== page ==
Toronto – September 12, 2016 – More and more Canadians are living paycheque to paycheque as workers and their families grapple with stagnant incomes, rising expenses and debt, and a struggling economy. Unable to save adequately, many Canadians are worried about their retirement and are therefore working longer.
48 – Percentage of Canadians who say it would be difficult to meet their financial obligations if their paycheque was delayed by a week.
24 – Percentage of workers who would not be able to come up with $2,000 if an emergency happened within the next month.
40 – Percentage of Canadians who claim to spend all of or more than their net pay, with nothing left for savings.
47 – Percentage of workers who are able to save 5% or less of their earnings, well short of the 10% of net pay that is recommended by financial planning experts.
93 – Percentage of Canadians who carry debt, with the most common forms of debt being mortgages (26%), credit cards (18%), car loans (17%), and lines of credit (16%).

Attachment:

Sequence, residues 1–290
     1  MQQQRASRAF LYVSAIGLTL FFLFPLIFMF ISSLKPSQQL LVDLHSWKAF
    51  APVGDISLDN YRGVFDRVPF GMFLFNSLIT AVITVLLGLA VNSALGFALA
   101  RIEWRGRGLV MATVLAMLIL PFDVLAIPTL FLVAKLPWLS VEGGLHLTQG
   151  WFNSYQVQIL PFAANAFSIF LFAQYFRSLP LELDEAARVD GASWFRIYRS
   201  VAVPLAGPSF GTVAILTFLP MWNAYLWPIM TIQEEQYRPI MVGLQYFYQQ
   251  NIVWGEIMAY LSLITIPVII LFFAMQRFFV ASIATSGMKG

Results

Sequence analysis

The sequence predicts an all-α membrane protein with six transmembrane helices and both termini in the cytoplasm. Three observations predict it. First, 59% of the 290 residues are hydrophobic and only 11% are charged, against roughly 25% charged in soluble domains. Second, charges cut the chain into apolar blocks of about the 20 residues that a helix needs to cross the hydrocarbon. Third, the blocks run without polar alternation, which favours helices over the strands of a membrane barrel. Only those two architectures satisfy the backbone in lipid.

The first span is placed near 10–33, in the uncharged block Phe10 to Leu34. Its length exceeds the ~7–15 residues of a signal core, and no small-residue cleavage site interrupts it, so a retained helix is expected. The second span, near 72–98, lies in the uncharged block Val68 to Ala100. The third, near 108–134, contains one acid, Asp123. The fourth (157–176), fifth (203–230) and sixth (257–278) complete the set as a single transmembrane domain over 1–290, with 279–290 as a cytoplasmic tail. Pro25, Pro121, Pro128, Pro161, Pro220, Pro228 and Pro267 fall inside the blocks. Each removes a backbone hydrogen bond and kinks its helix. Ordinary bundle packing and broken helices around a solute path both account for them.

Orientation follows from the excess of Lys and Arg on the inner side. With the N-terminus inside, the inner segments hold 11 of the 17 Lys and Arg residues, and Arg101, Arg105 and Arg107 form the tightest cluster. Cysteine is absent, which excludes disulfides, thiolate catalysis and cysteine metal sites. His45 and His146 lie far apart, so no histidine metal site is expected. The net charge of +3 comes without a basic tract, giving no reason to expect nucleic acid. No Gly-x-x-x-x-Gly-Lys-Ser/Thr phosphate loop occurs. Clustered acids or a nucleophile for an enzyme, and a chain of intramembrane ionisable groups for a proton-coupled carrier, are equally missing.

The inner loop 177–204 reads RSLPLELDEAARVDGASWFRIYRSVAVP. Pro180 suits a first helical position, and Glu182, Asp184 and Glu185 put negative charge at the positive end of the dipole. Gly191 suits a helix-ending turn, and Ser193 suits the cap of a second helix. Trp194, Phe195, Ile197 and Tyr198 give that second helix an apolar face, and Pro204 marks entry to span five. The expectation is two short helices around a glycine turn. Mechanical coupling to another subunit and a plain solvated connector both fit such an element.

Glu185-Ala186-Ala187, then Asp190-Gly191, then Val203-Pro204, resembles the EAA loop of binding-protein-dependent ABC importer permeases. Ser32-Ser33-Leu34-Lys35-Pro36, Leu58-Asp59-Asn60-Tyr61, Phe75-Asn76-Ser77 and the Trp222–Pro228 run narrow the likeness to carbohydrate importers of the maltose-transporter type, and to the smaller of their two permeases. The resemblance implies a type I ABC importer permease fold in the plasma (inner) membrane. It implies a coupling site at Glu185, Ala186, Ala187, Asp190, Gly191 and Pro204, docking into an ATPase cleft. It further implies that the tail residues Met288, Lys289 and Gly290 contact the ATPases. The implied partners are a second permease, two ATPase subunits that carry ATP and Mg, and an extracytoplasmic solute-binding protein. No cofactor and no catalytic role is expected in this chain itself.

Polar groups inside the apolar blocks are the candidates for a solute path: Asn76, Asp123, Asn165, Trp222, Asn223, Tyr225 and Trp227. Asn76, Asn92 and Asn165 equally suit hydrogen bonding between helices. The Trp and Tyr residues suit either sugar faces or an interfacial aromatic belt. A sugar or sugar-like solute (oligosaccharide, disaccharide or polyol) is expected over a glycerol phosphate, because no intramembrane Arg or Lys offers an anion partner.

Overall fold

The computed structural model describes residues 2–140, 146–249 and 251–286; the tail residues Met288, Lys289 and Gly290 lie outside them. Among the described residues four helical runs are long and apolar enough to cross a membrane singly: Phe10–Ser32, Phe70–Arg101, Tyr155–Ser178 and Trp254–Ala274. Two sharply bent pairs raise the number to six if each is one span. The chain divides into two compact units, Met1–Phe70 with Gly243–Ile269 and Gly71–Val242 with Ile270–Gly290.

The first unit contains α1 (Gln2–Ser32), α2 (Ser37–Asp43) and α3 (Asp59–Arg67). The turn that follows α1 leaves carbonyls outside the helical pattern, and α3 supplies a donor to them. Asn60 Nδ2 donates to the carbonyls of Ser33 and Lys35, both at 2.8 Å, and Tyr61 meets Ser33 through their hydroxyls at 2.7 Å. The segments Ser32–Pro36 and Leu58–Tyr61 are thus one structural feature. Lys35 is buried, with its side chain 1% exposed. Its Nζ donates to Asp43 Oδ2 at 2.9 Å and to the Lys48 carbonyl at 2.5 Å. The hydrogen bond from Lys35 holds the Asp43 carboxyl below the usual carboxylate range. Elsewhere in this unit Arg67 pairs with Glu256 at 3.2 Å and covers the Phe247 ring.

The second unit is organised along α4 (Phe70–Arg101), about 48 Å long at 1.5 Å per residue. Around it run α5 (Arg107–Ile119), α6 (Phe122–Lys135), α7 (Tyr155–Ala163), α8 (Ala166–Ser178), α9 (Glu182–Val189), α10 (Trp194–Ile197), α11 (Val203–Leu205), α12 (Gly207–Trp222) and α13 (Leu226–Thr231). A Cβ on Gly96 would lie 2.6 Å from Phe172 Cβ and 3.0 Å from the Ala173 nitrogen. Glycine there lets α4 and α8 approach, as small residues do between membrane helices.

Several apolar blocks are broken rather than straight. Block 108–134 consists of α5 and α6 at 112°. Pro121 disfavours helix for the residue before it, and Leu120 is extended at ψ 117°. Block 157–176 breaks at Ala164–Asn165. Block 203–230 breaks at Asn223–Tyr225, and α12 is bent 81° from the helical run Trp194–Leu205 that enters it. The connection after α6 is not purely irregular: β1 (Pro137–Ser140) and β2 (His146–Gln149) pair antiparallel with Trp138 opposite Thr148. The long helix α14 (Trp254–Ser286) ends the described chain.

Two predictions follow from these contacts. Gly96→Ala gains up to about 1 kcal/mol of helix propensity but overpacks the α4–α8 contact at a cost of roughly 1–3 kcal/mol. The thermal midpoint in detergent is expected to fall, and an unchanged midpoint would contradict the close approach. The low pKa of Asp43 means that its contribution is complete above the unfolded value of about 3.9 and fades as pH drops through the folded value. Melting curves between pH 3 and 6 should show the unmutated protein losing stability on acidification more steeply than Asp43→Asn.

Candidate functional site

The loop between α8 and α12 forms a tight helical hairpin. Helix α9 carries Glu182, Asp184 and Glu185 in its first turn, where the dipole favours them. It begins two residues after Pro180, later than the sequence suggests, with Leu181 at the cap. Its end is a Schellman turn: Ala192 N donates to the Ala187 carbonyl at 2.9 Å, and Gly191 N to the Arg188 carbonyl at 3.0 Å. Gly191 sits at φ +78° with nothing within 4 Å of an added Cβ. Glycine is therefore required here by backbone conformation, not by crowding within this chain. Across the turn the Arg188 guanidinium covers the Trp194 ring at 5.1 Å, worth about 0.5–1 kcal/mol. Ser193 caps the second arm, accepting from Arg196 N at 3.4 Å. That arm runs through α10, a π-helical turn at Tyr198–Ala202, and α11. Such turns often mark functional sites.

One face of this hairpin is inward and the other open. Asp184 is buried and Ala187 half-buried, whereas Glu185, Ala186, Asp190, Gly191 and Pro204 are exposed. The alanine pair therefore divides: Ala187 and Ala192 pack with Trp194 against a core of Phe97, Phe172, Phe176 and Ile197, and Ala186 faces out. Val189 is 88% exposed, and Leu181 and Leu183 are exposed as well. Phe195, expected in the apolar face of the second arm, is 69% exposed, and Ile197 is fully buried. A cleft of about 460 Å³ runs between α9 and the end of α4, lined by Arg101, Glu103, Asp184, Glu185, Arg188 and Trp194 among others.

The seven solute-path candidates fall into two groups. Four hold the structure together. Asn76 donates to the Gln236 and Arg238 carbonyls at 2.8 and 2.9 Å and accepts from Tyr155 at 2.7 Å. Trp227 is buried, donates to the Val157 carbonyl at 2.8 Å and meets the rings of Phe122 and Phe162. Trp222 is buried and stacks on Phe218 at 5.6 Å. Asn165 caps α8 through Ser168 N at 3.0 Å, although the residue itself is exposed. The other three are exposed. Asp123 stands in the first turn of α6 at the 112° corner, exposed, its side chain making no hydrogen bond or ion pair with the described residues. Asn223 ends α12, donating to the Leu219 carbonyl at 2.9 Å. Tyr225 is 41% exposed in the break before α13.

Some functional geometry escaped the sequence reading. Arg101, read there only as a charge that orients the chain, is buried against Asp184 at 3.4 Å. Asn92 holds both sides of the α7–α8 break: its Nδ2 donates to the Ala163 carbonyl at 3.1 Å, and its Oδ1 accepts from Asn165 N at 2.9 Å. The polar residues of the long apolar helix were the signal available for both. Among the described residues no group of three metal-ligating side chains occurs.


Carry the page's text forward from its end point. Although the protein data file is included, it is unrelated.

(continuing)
39 – Percentage of workers who feel overwhelmed by their level of debt.
11 – Percentage of Canadians who think they will never be debt-free.
58 – Percentage of workers who say debt and a bad economy are the biggest obstacles to saving for retirement.
75 – Percentage of Canadians who believe they will not be able to retire until at least age 60.
76 – Percentage of workers who claim they have saved only one-quarter or less of what they feel they will need to retire comfortably.
45 – Percentage of Canadians who say they will need to work longer than they had originally planned in order to adequately save for retirement.
Sources: “Canadians living pay cheque to pay cheque, challenged by debt and economy, payroll survey finds,” The Canadian Payroll Association, 7 September 2016; “Half of working Canadians living paycheque to paycheque: survey,” The Globe and Mail, 7 September 2016.